KANSAS CITY, Mo. — There are thousands of houseless people across the Kansas City area. Many of them are in the pipeline to be placed into housing through a voucher program, but they're still waiting.
"We see people every day that have had vouchers for months," Chris Stout, former director of programs for Hope Faith Ministries said.
The challenges of finding housing don't just impact the houseless.
Families across the country are struggling to find affordable housing. Countless others who do have a place to call home, are having a hard time paying the rent.
Surgo Ventures tracks the amount of overdue rent across the country.
According to their data, 15% of renters in Jackson County, Missouri, are in default, resulting in more than $55 million due. That's an average of more than $3,000 per household.
KSHB 41 News spoke with Brent Never, an associate professor of public affairs at UMKC, who weighed in on the issue.
"Right now, it's a tremendous problem. We have this perfect storm," Never said. "There's a lot of money out there, $25 billion in rental assistance. We've only moved out about $3 billion of that, so really it's about these channels. It's about pushing the money out effectively. It's not a money argument right now. It's about how we push it out to the families who need it."
The Kansas City Regional Housing Alliance put a few policy ideas together, like using some of that rental assistance money to help get more people housed.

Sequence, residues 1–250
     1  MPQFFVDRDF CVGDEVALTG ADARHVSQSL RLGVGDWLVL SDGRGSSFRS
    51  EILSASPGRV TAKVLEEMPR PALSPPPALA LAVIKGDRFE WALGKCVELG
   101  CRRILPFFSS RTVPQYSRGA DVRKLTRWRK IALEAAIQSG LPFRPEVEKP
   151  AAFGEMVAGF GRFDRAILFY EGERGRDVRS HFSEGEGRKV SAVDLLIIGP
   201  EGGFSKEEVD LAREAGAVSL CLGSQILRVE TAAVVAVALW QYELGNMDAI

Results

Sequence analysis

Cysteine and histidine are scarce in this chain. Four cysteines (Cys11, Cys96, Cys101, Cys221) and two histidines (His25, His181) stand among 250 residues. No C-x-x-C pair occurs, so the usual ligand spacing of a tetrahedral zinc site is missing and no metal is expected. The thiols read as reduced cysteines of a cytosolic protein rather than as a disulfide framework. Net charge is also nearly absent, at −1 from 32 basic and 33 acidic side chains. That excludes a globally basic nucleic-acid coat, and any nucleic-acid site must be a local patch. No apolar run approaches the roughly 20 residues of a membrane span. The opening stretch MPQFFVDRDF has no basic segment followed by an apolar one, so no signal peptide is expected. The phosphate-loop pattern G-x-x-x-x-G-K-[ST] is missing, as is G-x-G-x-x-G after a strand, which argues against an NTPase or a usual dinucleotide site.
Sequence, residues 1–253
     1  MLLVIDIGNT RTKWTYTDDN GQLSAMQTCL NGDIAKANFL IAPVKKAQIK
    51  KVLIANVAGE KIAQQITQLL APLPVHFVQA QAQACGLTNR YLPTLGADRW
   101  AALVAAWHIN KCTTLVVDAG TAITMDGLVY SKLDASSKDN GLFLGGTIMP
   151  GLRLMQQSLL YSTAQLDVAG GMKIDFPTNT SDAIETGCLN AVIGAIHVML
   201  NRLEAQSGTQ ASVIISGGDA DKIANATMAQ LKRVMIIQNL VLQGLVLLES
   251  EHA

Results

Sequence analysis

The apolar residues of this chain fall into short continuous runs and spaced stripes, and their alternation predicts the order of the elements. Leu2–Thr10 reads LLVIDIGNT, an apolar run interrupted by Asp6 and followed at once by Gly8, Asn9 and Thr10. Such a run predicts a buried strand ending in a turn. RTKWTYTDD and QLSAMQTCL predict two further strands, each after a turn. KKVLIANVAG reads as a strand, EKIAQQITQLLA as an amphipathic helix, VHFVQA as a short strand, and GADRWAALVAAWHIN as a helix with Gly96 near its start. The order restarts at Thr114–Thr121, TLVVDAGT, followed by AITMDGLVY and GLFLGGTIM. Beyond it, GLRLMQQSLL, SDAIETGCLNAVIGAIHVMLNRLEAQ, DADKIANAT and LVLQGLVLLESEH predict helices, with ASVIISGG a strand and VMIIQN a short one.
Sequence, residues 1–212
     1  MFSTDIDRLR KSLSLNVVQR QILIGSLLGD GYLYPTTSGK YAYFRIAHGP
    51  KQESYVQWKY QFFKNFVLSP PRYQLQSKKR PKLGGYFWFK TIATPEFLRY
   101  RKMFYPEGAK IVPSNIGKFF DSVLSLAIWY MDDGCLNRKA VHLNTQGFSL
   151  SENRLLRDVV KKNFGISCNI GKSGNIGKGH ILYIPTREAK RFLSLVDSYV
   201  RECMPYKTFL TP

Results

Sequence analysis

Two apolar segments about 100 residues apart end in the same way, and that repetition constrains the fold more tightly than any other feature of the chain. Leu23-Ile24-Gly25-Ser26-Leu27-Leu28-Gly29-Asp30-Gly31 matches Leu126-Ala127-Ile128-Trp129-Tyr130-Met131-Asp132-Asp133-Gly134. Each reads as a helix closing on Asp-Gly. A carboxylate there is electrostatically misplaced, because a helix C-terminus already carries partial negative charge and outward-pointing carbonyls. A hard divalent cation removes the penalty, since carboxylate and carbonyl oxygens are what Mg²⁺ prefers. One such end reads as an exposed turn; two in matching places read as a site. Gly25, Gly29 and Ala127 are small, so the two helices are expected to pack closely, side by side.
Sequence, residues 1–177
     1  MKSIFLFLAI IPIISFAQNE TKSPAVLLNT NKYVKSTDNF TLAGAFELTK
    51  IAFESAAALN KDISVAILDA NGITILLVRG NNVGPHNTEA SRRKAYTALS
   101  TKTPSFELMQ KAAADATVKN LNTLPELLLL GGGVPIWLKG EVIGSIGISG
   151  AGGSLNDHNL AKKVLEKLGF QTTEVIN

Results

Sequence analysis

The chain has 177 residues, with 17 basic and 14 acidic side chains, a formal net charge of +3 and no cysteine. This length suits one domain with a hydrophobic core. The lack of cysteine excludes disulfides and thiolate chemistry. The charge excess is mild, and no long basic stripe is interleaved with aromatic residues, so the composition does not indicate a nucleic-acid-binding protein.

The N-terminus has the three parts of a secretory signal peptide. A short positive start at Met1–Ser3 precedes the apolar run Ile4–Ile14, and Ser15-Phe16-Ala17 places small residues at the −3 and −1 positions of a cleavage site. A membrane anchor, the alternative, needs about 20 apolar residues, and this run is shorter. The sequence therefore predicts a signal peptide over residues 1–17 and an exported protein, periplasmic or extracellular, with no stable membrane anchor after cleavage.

"So that you'd have the ability to rent to those people who you wouldn't ordinarily consider by way of their credentials," Sam Alpert, an expert in housing and development said.
Ryana Parks-Shaw, who represents KCMO's fifth district, chairs the houseless task force and is working on solutions around affordability like the housing trust fund.
"From the research that I've done, there has been some success in other municipalities with this program," Parks-Shaw said when asked about the alliance policy. "Of course, we need to have the funding to do that."
KSHB 41 News shared a copy of the policy with Never, for an objective view on how viable it could be.
"From my read of the proposals, they could get that money right off, the owners," Never said. "They could satisfy any past debts and then immediately end the lease. No protection. I didn't see anything in there about that."
Longtime realtor and property provider, Jennifer Justus, recently started selling her property in Kansas City, blaming a tougher climate to do business in for her decision.
"We have to have that compromise and we have to have the housing providers at the table talking about the solutions," Justus said when asked about discussion around policy and the housing trust fund.
Kansas City leaders approved $12.5 million for the housing trust fund, with another $12.5 million set to come in the near future. There's a great divide on how those funds should be spent.
"It's a matter of effectively and efficiently using existing housing stock as opposed to finding ways to find a magic bullet that somehow you're going to build thousands of new units and you're going to have affordable housing," Alpert said. "The economics of it don't work today."
"We can have private/public partnerships for the housing trust fund," Justus said. "We can have a better working relationship with the city. There are lots of options out there that aren't being pursued."
KCMO City Manager Brian Platt is charged with creating an advisory board for the housing trust fund by Feb. 2022